Curl said drivers he has talked to, mostly using a Qualcomm system, have complained about not having enough hours to complete a task. "Then those hours magically appeared on their log," he told the panel.
The listening panel included top brass from FMCSA, including the Jack Van Steenburg, assistant administrator and chief safety officer, Larry Minor, associate administrator for policy, and others.
OOIDA Senior Member George Cherveny is leased to Landstar. He and his wife, Mary Knotts – a former safety manager with FedEx National – made the trip to Bellevue to make comments in person and have his views entered into the official record. Cherveny, who now resides in Olympia, covered a lot of ground with his well-prepared remarks on hours-of-service enforcement, especially detention on the docks.
After the session, Cherveny told Land Line that it was not his first trip to a listening session. He used to live in Kansas City, MO, and had joined OOIDA's regulatory staff for a meeting there years ago.
"I was home in Olympia, just did a load from Texas to Washington, and I heard on 'Land Line Now' that it was happening, so I wanted to do it. It was an opportunity. And I wanted to say something to FMCSA about what is happening with the new rules in Australia and urge them to look at this."
Under a new set of road safety rules in Australia, truck drivers will be paid reasonably for their work, including time spent at the loading docks. The goal of the new law is to reform the system that allows shippers and others in the supply chain to harass drivers into breaking speed and fatigue laws to meet deadlines.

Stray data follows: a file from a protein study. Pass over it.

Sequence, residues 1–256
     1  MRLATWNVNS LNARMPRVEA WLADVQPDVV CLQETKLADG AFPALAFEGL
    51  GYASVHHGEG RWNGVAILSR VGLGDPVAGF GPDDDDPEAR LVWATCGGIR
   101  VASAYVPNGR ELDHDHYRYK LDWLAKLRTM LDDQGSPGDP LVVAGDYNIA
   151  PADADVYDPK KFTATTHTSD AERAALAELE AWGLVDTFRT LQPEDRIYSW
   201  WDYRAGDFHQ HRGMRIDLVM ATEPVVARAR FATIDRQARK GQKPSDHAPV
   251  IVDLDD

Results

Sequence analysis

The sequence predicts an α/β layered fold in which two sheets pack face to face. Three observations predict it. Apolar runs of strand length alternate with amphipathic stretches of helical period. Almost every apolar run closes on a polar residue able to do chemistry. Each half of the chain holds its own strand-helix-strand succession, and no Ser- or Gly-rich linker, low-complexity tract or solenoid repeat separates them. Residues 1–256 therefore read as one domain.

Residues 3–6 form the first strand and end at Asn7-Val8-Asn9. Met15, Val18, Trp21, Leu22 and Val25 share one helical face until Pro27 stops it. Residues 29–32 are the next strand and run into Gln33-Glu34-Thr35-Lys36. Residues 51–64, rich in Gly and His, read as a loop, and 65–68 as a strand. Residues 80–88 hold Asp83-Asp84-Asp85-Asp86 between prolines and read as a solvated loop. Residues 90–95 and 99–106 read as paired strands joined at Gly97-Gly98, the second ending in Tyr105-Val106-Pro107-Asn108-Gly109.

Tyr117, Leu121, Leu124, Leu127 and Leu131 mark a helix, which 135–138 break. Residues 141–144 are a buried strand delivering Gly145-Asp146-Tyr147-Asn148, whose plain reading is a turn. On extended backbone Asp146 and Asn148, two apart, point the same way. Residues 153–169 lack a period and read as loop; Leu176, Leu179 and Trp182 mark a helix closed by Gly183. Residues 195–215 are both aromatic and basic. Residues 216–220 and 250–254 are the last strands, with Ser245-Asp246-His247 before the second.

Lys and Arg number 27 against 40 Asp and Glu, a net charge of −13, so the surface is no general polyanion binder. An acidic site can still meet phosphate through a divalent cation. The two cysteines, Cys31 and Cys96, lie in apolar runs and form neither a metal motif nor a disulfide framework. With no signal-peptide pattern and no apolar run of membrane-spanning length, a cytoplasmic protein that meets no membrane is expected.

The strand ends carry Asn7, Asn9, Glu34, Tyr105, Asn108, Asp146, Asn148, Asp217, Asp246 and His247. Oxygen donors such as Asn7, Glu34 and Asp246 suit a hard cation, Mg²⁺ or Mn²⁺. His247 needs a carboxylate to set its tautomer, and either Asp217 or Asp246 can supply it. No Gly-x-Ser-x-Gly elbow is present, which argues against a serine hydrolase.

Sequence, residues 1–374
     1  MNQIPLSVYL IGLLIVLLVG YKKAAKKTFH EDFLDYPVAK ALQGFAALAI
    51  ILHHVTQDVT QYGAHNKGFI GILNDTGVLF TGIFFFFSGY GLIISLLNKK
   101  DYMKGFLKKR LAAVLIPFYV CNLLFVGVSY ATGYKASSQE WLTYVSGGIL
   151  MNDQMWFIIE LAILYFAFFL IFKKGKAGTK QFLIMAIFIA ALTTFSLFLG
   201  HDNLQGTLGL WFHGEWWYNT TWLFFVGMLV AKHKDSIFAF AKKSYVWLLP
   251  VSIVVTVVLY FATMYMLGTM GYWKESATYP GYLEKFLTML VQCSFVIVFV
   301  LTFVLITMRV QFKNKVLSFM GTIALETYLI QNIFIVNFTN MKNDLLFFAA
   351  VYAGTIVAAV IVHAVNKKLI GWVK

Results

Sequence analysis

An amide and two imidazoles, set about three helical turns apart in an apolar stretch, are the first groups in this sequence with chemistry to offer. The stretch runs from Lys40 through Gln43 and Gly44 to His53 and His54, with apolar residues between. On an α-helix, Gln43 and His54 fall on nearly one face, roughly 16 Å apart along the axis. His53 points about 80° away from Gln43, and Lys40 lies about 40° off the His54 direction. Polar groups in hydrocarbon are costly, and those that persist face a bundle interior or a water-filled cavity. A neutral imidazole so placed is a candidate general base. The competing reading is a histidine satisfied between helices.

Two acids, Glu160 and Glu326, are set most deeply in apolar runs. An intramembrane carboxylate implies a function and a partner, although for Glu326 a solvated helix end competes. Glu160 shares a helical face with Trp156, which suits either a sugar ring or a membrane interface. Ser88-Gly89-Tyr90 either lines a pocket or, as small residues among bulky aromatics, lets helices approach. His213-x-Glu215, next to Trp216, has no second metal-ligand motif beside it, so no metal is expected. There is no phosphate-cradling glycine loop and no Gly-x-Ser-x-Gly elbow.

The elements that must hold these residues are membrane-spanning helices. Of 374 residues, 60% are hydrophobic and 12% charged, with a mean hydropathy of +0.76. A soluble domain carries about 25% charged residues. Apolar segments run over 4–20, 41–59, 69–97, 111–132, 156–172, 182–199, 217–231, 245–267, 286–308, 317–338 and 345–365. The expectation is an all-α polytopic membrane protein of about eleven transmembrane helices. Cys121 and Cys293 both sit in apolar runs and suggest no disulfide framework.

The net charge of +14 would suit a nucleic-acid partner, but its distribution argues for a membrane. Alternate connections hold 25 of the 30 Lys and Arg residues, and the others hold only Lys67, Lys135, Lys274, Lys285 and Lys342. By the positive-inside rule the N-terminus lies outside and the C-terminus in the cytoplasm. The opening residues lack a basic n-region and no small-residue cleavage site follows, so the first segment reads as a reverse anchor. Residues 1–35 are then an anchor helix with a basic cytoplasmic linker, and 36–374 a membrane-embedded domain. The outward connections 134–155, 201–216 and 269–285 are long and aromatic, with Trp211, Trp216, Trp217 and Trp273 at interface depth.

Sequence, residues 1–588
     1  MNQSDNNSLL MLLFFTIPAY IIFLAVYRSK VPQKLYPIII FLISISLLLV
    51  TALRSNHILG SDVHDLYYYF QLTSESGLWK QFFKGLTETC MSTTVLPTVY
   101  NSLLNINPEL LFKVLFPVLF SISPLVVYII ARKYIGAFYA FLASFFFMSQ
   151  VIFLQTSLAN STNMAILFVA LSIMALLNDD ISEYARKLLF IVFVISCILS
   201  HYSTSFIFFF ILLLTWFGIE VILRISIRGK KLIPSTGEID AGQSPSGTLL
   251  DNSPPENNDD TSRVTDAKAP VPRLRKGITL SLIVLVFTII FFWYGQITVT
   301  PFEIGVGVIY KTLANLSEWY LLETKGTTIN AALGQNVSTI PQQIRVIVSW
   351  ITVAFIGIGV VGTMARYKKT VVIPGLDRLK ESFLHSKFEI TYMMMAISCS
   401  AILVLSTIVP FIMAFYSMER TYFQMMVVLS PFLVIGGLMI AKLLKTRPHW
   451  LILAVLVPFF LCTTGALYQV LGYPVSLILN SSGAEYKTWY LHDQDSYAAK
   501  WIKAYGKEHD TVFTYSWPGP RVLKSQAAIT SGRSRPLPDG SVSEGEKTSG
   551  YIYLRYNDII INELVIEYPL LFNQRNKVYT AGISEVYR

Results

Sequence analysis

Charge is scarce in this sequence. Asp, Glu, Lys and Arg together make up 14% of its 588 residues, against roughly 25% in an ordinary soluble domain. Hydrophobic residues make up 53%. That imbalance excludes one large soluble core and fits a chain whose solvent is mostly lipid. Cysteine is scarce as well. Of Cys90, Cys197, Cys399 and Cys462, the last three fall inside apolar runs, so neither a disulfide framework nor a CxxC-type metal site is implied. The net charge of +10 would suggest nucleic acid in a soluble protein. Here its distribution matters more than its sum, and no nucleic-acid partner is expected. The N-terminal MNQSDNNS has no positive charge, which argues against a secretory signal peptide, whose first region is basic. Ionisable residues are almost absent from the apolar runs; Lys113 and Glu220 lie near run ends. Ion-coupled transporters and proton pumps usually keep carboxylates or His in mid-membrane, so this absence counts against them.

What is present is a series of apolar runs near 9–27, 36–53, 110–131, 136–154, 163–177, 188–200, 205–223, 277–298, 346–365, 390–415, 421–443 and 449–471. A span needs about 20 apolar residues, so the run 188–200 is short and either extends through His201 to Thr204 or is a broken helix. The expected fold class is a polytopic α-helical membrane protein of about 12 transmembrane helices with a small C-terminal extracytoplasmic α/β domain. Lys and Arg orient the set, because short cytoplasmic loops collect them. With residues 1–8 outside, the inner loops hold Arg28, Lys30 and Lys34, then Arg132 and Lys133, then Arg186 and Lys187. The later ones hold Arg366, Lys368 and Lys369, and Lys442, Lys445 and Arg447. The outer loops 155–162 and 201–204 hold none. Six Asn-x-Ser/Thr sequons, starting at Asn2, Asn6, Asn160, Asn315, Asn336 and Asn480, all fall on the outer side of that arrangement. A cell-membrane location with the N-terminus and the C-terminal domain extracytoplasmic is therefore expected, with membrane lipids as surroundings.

Big-business trucking was well-represented at the listening session. A representative from Schneider National said EOBRs would act as a "pressure release valve" for drivers, and that responsible carriers respect when a driver is out of hours.
Don Lacey, safety director for Prime Inc., said Prime had not got one complaint about EOBRs from their drivers. Jerry Johnson, a representative from PAM Transportation, said most of his drivers loved the EOBR. He said the EOBR was an outstanding management tool. Speaker Guy Welton of Werner Enterprises said, "Machines don't cause harassment; people do."
OOIDA presented examples of harassment in the form of a Qualcomm dialog between a driver and motor carrier. After the driver was dispatched, there appeared to be constant calls, even when the driver was sleeping, checking on him and reminding him how important the load was and stressing it could "not be late." When the driver didn't respond to Qualcomm (he was in sleeper berth), the company went to phone calls.
FMCSA's Van Steenburg told attendees that the session was "really informative."
"We are getting great, great comments," he said. "I'm learning a lot."
Cart before the horse
In early May, OOIDA sent letters urging House and Senate lawmakers to reject EOBRs in the surface transportation bill.
In the letter, Spencer questioned why Congress would move forward with a mandate since the recent hours-of-service rule change is still in dispute and since EOBRs are an unproven technology.
"To require such a mandate before the rule is even settled is putting the cart way before the horse to say the least, particularly absent any research to indicate that EOBRs will improve upon compliance as a whole," he said. LL